The nominal amperage value of the fuse. It is established by the manufacturer as a value of current which the fuse can carry, based on a controlled set of test conditions (See RERATING).
Catalog Fuse part numbers include series identification and amperage ratings. Refer to the FUSE SELECTION GUIDE section for guidance on making the proper choice.
For 25ºC ambient temperatures, it is recommended that fuses be operated at no more than 75% of the nominal current rating established using the controlled test conditions. These test conditions are part of UL/CSA/ANCE (Mexico) 248-14 “Fuses for Supplementary Overcurrent Protection,” whose primary objective is to specify common test standards necessary for the continued control of manufactured items intended for protection against fire, etc. Some common variations of these standards include: fully enclosed fuseholders, high contact resistances, air movement, transient spikes, and changes in connecting cablesize (diameter and length). Fuses are essentially temperature-sensitive devices. Even small variations from the controlled test conditions can greatly affect the predicted life of a fuse when it is loaded to its nominal value, usually expressed as 100% of rating.
The circuit design engineer should clearly understand that the purpose of these controlled test conditions is to enable fuse manufacturers to maintain unified performance standards for their products, and he must account for the variable conditions of his application. To compensate for these variables, the circuit design engineer who is designing for trouble-free, long-life fuse protection in his equipment generally loads his fuse not more than 75% of the nominal rating listed by the manufacturer,keeping in mind that overload and short circuit protection must be adequately provided for.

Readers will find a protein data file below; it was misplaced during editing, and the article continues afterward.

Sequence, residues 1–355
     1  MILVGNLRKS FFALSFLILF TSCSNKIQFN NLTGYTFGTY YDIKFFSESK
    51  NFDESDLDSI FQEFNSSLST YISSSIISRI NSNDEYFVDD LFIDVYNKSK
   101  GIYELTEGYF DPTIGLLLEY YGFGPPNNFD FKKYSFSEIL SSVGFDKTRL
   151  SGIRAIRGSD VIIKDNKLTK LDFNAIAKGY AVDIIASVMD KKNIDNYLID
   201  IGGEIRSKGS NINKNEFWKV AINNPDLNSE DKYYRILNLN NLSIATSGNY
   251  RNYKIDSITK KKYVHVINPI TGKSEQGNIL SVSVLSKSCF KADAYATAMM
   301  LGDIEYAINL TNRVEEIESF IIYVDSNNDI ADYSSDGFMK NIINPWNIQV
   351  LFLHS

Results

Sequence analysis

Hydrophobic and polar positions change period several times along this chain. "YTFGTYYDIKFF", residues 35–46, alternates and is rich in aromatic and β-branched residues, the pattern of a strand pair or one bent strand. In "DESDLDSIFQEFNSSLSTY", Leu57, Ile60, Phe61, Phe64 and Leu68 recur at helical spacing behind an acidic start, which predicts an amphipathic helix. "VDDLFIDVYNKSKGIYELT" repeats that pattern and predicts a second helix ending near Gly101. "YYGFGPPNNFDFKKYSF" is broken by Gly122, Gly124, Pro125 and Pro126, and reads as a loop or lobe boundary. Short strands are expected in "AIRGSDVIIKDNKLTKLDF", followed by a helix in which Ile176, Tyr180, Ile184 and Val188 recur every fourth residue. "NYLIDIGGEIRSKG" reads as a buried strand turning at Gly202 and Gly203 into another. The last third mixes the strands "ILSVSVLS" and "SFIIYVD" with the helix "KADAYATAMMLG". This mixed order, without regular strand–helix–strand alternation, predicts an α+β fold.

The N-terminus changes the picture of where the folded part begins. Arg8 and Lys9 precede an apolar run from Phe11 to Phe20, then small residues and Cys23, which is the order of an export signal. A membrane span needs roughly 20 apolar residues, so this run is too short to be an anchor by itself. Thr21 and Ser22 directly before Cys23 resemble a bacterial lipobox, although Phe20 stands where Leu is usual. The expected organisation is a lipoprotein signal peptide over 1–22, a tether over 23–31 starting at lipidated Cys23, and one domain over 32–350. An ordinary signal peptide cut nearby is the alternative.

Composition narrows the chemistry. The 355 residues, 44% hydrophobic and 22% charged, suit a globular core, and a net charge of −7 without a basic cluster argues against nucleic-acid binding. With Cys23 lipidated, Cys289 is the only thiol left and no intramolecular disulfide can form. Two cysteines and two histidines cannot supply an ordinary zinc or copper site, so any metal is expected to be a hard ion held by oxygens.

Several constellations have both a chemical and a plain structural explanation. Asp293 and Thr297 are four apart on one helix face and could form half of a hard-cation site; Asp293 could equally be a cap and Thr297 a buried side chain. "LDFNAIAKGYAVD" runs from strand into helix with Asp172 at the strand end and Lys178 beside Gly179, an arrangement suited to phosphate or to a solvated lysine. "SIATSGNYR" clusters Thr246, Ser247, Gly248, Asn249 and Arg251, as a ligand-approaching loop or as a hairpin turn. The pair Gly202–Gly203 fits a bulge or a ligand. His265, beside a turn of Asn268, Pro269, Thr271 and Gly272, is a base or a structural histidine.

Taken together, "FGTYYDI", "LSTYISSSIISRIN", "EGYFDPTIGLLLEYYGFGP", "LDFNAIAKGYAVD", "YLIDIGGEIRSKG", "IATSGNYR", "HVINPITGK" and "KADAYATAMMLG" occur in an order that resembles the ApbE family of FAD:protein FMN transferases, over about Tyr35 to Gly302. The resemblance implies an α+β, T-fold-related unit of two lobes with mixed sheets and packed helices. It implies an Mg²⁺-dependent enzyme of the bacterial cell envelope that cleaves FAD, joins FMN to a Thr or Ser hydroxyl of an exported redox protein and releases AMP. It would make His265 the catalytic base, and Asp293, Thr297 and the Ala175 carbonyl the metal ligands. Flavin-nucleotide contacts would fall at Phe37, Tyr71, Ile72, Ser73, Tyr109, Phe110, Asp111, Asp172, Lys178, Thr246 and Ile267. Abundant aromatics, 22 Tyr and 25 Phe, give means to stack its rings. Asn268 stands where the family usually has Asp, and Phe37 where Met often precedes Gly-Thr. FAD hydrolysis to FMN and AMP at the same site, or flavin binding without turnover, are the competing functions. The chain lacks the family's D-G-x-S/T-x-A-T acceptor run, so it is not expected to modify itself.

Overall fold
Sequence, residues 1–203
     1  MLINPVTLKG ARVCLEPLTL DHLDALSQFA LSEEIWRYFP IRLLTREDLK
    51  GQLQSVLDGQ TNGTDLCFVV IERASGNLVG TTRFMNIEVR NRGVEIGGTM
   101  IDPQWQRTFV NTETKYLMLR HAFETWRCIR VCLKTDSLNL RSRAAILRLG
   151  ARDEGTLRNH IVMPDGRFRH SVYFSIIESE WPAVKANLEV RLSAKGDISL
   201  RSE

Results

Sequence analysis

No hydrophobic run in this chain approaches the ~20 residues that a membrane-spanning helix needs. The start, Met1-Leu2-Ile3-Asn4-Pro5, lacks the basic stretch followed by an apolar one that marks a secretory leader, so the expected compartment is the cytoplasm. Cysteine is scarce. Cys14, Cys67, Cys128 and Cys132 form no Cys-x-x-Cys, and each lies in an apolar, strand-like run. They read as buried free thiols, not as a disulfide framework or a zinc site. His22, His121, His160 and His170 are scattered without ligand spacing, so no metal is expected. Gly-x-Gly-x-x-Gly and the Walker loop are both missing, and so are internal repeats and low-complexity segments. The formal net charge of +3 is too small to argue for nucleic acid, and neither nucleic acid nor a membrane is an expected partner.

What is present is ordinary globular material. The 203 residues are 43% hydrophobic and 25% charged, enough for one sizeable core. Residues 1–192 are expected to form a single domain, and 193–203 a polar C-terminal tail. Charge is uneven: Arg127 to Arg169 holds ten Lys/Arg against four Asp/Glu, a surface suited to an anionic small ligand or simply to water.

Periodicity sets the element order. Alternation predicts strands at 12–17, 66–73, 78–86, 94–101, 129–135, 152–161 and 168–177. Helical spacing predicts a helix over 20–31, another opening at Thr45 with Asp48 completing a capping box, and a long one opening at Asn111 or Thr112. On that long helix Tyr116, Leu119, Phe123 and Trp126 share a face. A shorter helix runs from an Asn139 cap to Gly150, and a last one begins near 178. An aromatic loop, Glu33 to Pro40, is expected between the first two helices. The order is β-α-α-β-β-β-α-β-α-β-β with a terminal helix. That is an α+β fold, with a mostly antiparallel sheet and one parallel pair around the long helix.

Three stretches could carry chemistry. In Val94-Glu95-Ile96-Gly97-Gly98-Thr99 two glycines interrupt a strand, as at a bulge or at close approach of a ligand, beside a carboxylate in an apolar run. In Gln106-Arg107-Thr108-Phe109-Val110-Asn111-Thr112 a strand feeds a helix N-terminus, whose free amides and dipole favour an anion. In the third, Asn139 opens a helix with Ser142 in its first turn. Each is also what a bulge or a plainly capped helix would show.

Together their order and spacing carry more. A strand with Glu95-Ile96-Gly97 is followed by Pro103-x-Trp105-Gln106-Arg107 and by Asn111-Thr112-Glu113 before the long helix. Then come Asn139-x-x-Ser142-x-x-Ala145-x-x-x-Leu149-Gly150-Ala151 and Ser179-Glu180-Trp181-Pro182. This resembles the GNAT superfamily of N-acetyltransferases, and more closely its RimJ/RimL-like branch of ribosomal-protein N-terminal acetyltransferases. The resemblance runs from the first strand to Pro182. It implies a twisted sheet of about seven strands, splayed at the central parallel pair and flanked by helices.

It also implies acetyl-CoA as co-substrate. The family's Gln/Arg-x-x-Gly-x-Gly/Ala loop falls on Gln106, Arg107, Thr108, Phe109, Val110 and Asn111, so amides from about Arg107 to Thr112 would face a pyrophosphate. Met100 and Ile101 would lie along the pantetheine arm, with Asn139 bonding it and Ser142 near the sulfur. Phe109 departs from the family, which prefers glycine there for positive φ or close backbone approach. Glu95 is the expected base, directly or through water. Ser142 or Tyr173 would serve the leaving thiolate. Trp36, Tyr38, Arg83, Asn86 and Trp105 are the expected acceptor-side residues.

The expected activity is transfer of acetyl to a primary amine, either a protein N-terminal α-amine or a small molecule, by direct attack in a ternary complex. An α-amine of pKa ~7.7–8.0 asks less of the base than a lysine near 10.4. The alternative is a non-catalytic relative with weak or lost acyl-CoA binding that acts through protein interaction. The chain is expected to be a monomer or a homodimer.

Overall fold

The fuses under discussion are temperature-sensitive devices whose ratings have been established in a 25ºC ambient. The fuse temperature generated by the current passing through the fuse increases or decreases with ambient temperature change.
The ambient temperature chart in the FUSE SELECTION GUIDE section illustrates the effect that ambient temperature has on the nominal current rating of a fuse. Most traditional Slo-Blo® Fuse designs use lower melting temperature materials and are, therefore, more sensitive to ambient temperature changes.
Unless otherwise specified, dimensions are in inches.
The fuses in this catalog range in size from the approx. 0402 chip size (.041”L x .020”W x .012”H) up to the 5 AG, also commonly known as a”MIDGET” fuse (13/32” Dia. x 11/2” Length). As new products were developed throughout the years, fuse sizes evolved to fill the various electrical circuit protection needs.